Liberia's Almost Last Ebola Patient Grateful but Still Grievingi
X
Benno Muchler
March 26, 2015 3:41 PM
Beatrice Yardolo was to make history as Liberia’s last Ebola patient. Liberians recently started counting down 42 days, the period that has to go by without a single new infection until the World Health Organization can declare a country Ebola-free. That countdown stopped on March 20 when there was another new case of Ebola, making Yardolo’s story a reminder that Ebola is far from over. Benno Muchler reports from Monrovia.
Video

Video Liberia's Almost Last Ebola Patient Grateful but Still Grieving

Beatrice Yardolo was to make history as Liberia’s last Ebola patient. Liberians recently started counting down 42 days, the period that has to go by without a single new infection until the World Health Organization can declare a country Ebola-free. That countdown stopped on March 20 when there was another new case of Ebola, making Yardolo’s story a reminder that Ebola is far from over. Benno Muchler reports from Monrovia.
Video

Video Cambodian Land Grabs Threaten Traditional Communities

Indigenous communities in Cambodia's Ratanakiri province say the government’s economic land concession policy is taking away their land and traditional way of life, making many fear that their identity will soon be lost. Local authorities, though, have denied this is the case. VOA's Say Mony went to investigate and filed this report, narrated by Colin Lovett.
Video

Video US, South Korea Conduct Joint Military Exercises

The Eighth U.S. Army Division and the Eighth Republic of Korea Mechanized Infantry Division put on a well orchestrated show of force for the media this week during their joint military training exercises in South Korea. VOA’s Seoul correspondent Brian Padden was there and reports the soldiers were well disciplined both in conducting a complex live fire exercise and in staying on message with the press.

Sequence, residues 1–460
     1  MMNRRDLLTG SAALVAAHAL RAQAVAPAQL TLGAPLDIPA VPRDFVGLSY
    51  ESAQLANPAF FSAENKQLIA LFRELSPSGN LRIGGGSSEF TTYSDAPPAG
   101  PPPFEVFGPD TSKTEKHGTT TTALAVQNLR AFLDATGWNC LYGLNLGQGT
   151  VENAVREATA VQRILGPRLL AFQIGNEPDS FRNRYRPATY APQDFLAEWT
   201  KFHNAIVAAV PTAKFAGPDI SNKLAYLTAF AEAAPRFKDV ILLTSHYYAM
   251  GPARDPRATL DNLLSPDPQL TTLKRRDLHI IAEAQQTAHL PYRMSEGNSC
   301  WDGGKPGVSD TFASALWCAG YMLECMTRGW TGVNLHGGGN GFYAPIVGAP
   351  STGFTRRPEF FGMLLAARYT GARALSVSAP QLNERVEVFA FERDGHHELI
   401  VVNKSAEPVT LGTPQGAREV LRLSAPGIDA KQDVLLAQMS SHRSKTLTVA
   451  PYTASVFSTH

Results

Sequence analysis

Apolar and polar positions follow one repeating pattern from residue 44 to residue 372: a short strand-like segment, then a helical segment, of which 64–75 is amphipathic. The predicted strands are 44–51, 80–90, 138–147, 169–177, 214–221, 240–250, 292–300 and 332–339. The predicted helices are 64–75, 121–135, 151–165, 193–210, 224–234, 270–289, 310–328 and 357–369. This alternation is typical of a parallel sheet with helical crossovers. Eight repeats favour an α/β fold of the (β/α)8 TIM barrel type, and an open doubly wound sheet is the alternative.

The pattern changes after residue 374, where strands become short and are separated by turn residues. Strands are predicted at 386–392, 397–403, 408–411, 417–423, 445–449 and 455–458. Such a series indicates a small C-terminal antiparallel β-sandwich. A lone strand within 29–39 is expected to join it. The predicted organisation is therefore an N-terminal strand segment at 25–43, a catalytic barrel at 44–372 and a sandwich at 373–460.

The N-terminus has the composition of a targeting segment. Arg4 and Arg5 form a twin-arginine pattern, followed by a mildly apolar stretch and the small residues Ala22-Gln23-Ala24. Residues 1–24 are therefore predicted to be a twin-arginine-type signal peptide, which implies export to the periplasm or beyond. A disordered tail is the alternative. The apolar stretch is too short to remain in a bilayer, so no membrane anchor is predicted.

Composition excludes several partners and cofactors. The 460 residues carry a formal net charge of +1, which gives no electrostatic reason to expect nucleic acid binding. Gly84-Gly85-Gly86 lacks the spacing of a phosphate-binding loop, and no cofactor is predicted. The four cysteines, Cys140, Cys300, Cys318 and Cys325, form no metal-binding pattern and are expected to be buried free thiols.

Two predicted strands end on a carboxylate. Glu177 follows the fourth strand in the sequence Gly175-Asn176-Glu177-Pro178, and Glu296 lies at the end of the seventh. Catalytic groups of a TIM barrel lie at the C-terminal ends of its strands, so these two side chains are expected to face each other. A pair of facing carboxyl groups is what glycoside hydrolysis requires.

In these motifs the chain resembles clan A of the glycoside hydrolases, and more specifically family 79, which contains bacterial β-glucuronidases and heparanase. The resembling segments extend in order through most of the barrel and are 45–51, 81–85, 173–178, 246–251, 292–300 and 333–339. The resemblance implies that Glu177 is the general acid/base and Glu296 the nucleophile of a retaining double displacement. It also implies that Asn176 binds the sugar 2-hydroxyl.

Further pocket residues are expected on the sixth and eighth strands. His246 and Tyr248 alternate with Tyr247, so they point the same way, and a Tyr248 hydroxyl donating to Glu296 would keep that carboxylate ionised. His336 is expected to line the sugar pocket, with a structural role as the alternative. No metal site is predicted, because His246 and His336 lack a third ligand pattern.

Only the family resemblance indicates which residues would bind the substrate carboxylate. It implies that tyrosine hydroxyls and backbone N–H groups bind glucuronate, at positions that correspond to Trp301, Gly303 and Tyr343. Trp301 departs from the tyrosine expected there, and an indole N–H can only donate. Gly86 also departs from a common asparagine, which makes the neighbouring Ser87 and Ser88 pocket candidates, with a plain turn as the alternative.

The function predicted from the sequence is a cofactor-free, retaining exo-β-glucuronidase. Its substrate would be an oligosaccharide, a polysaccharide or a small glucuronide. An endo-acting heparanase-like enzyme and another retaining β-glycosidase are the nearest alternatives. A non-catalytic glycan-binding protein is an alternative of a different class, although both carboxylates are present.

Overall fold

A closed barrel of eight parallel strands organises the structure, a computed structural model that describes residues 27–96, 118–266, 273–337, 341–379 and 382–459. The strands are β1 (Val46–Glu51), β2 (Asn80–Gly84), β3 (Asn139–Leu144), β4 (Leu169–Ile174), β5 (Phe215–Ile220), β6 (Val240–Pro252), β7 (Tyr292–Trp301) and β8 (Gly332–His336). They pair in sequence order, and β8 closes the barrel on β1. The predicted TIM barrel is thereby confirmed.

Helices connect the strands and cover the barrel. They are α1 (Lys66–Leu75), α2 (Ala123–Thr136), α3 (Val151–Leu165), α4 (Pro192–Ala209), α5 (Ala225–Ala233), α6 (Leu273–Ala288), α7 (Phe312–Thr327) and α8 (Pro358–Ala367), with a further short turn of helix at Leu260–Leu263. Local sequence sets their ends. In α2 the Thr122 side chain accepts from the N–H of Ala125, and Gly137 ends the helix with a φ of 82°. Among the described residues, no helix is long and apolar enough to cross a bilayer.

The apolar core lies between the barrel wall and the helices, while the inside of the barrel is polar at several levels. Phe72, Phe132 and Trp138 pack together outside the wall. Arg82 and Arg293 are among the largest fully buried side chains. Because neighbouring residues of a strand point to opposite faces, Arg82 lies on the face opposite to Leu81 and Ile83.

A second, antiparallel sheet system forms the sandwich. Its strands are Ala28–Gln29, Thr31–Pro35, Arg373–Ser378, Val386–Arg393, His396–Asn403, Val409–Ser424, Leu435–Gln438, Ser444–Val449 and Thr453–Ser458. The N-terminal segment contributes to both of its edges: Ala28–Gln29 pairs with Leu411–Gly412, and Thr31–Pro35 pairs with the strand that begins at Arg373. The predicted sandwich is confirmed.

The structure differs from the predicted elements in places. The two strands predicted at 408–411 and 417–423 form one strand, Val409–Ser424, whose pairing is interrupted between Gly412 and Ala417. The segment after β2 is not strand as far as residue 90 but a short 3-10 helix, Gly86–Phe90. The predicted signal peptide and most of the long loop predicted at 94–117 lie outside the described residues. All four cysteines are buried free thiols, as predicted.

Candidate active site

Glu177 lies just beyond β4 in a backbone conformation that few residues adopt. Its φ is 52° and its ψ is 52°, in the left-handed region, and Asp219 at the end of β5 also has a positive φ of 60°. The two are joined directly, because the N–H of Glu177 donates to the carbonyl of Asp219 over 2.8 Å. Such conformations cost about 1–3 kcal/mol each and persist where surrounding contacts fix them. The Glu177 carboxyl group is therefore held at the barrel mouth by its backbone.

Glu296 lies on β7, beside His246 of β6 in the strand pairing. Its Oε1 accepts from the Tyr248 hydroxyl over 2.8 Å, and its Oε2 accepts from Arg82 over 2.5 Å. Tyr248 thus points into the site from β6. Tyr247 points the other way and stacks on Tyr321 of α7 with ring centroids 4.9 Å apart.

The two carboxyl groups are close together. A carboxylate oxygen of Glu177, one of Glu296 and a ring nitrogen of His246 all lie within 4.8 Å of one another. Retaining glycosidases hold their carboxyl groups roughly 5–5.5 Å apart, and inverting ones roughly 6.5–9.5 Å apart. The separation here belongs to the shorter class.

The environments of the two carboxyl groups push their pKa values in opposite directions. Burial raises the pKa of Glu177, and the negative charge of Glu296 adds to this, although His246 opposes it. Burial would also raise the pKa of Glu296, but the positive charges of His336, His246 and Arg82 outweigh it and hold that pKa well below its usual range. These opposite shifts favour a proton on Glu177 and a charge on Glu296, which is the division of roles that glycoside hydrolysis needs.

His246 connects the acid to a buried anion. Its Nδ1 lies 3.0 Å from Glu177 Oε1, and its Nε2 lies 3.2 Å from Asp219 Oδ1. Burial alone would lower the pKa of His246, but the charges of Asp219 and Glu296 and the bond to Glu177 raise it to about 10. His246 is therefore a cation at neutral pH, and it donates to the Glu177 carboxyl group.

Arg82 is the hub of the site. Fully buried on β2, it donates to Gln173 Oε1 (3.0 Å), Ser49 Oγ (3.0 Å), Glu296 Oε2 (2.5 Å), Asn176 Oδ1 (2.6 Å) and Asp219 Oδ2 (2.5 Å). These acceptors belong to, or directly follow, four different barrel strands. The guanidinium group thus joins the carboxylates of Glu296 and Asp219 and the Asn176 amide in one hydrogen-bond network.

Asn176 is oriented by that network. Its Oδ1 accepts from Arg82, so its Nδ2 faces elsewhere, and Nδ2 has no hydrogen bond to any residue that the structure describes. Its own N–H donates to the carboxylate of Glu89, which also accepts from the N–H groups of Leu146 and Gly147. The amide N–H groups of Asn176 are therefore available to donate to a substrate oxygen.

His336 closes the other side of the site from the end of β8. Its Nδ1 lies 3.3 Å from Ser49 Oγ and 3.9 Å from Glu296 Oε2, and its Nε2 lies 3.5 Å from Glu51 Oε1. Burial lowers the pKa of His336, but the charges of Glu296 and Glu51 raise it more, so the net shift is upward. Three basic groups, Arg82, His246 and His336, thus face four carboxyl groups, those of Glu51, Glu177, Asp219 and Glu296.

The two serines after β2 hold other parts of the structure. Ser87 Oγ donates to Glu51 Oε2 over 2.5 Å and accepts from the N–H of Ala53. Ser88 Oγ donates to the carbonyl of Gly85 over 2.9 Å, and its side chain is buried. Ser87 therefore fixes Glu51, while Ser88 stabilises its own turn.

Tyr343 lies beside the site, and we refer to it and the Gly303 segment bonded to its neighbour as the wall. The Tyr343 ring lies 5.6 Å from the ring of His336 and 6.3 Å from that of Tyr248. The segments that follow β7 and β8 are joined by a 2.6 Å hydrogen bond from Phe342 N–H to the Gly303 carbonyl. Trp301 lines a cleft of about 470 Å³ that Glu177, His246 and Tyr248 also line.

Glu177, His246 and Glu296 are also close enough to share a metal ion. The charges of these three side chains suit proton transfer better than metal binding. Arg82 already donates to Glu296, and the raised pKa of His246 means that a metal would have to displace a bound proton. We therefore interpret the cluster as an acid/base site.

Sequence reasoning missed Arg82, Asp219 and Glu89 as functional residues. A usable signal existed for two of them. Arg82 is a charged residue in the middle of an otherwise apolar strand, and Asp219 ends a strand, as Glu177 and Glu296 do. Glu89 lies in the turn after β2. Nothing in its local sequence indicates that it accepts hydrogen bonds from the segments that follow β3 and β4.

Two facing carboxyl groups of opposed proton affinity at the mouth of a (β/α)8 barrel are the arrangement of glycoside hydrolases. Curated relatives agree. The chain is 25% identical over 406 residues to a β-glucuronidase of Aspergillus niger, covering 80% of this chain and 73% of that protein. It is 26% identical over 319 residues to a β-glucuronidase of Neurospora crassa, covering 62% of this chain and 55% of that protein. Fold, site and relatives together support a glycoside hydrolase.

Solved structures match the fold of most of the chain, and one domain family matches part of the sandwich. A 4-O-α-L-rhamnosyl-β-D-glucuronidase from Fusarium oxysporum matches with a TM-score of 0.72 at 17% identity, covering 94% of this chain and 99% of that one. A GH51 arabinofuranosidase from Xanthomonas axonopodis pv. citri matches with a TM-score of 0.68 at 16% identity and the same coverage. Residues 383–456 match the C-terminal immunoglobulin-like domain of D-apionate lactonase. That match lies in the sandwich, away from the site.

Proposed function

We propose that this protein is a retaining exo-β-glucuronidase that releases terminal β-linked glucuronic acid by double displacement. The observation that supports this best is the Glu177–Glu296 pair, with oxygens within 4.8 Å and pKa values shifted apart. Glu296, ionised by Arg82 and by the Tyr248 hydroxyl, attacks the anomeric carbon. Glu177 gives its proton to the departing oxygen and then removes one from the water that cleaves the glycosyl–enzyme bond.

Video

Video Space Program Status Disappoints 'Last Man on the Moon'

One of the films that drew big crowds last week at the annual South by Southwest festival in Austin, Texas, tells the story of the last human being to stand on the moon, U.S. astronaut Eugene Cernan. It has been 42 years since Cernan returned from the moon and he laments that no one else has gone there since. VOA’s Greg Flakus reports.
Video

Video Young Filmmakers Shine Spotlight on Giving Back

A group of student filmmakers from across the United States joined President Barack Obama at the White House this month for the second annual White House Student Film Festival. Fifteen short films were officially selected from more than 1,500 entries by students aged 6 through 18. The filmmakers and their families then joined the president and a group of celebrities for a screening of their films. VOA’s Julie Taboh reports.
Video

Video VOA Exclusive: Interview with Afghan President Ashraf Ghani

Afghan President Ashraf Ghani, during his first visit as president to Washington, gave a one-on-one interview with VOA Afghan Service reporter Said Suleiman Ashna, about his request for a change in U.S. troop levels, the threat from the Islamic State, and repairing relations with the United States and Pakistan. The interview was held at Blair House, late Sunday, in Pashto.
Video

Video California Science Center Tells Story of Dead Sea Scrolls

The ancient manuscripts were uncovered in the mid-20th century, and they are still yielding clues about life and religious beliefs in ancient Israel. As VOA's Mike O'Sullivan reports, an exhibit in Los Angeles shows how modern science is bringing the history of these ancient documents to life.
Video

Video Angelina Jolie Takes Another Bold Step

Hollywood actress and filmmaker Angelina Jolie has revealed she had her ovaries and fallopian tubes removed to lower her odds of getting cancer. Doctors say the huge publicity over her decision will help raise awareness about the importance of cancer screening. VOA’s George Putic has more

All About America

Circumventing Censorship

An Internet Primer for Healthy Web Habits

As surveillance and censoring technologies advance, so, too, do new tools for your computer or mobile device that help protect your privacy and break through Internet censorship.
More